Take the simple character … ban …
Using this character as the phonetic component we can create a new character by adding the ‘person’ radical giving us the character … ban … meaning “a companion”.
So far so good.
However in this character … pan … we can see that the pronunciation has changed from the original ‘b’ sound to to aspirated ‘p’ sound.
This is also the case for this character … pan … meaning “to rebel”.
In this character … pang … we can see that the sound has drifted further from the original nasal ‘n’ sound to the nasal ‘ng’ sound.
This phonetic drift has come about because characters have been developed over thousands of years by Chinese people speaking varying dialects.
Phonetic drift mostly occurs between similarly sounding initials,
– for example the ‘z’ & ‘c’ sounds here in … zu … and … cu …
– the ‘zh’ and ‘ch’ sounds here in … zhao … and … chao …
– and the ‘q’ and ‘j’ sounds here in … qi … and … ji …
You’ll probably recognise these as the sounds you had most difficulty distinguishing when you first started to learn Chinese.
Because of this phonetic drift we can’t work out the pronunciation of a new character just by looking at it. However, understanding the picto-phonetic method is still useful because it allows us to make sense of characters.
We can kind of say that it works backwards, not forwards.
Let’s see how it would help us remember this character … pang …
The first step is to locate the radical. Here it is the meat radical on the left.
We can also see the phonetic component is made up of the character … ban …
However there is no way of knowing that the pronunciation of this character is … pang … and not in fact … ban …
Likewise there is no way of knowing that the meaning of this character is ‘fat’.
But, once we know the pronuncation and meaning, the picto-phonetic method helps us understand how this character was created and that makes it easier to remember.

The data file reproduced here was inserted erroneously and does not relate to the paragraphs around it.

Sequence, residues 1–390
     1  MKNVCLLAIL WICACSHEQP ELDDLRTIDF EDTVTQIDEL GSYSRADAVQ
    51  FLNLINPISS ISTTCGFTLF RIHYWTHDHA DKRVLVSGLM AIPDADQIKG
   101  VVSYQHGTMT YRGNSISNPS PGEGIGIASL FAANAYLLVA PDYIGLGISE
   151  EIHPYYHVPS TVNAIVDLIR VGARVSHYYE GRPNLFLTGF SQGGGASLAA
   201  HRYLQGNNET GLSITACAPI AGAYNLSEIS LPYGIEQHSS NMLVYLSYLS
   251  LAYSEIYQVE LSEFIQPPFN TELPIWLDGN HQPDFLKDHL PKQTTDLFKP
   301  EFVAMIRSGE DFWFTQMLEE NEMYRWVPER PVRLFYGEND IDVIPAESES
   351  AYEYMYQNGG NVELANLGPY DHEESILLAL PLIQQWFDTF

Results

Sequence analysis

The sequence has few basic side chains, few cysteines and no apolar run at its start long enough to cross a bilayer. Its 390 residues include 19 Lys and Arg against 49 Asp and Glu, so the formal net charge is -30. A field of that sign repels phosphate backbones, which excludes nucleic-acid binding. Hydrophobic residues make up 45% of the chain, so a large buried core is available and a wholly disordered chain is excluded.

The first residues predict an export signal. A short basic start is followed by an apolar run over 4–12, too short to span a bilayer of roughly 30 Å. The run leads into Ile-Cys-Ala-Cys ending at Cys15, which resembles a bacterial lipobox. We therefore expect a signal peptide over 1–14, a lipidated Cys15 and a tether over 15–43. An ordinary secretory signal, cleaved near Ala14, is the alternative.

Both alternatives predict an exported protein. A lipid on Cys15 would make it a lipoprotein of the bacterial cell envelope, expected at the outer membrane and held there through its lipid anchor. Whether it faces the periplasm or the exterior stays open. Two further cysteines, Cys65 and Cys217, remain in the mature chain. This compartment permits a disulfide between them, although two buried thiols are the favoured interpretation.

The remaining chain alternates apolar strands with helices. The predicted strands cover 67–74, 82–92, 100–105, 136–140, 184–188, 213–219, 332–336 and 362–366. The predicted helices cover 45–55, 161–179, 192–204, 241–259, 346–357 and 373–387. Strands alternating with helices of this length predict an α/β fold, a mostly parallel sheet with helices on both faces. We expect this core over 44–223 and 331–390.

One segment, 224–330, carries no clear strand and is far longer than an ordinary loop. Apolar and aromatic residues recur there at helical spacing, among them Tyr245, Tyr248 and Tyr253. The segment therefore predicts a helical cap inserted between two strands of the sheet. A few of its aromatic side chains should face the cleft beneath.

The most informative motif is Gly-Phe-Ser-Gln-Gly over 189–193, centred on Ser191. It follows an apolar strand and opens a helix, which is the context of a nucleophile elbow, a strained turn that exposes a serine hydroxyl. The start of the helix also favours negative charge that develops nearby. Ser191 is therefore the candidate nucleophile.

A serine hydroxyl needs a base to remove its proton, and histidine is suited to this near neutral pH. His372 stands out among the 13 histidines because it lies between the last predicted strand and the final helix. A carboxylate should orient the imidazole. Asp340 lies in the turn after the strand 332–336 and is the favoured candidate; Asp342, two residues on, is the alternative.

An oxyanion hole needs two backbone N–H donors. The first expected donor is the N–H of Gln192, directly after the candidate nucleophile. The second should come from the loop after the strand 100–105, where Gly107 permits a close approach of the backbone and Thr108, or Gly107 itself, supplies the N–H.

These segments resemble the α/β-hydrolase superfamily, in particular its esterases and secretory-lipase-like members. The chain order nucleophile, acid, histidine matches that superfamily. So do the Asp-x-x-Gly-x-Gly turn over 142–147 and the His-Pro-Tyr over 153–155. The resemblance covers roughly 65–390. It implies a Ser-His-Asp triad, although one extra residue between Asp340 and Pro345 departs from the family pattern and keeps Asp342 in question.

Ok, so now we have a good understanding of how Chinese characters were created, let’s look at the best way to learn them.
There are three keys to learning Chinese characters efficiently.
First, you should start with the simplest characters. Although characters are written as a series of strokes, they are more logically thought of as consisting of one or more basic components.
So before studying complex characters you should familiarize yourself with the basic components.
For example beginner students might not realise that the characters …mu… and …er… here are actually two different characters, not the same character written differently.
The same with … ru … and … ren …
These characters are also easily confused so it helps to see them all together and study them at the same time.
Same with these.
Once you are comfortable with the basic components you can start looking at characters that share a common phonetic root. That way you can leverage the picto-phonetic method to quickly learn series of related characters.
Sometimes the picto-phonetic method works really well, like in these characters that are all based on the character …fang…
Other times it works well but there is some phonetic drift.
There are also times when it works well for some characters but not for others. Even so, it makes sense to study these characters together so you know where the exceptions are.
Finally, you should study easily confused characters together. For example, these characters have no real relationship to each other but are easily confused. Studying them together helps you learn how to differentiate them so they’re easier to remember.
If you are systematic and approach learning Chinese characters the right way you’ll be amazed at how quickly you can learn them.
At “remember it”, we’ve organized over 2000 characters into an optimized learning sequence based on the ideas covered in this video.
For each character we’ve included audio, radical info and sample words so you can see how it is commonly used.
Our online course includes lesson drills that make it easy to gradually memorize 20 to 30 characters in a single lesson.
After you complete a lesson, the characters are automatically scheduled for follow-up testing to make sure you don’t forget them.
Click on the link below to sign-up for your free trial today and start learning today.
Thanks for watching and good luck with your studies.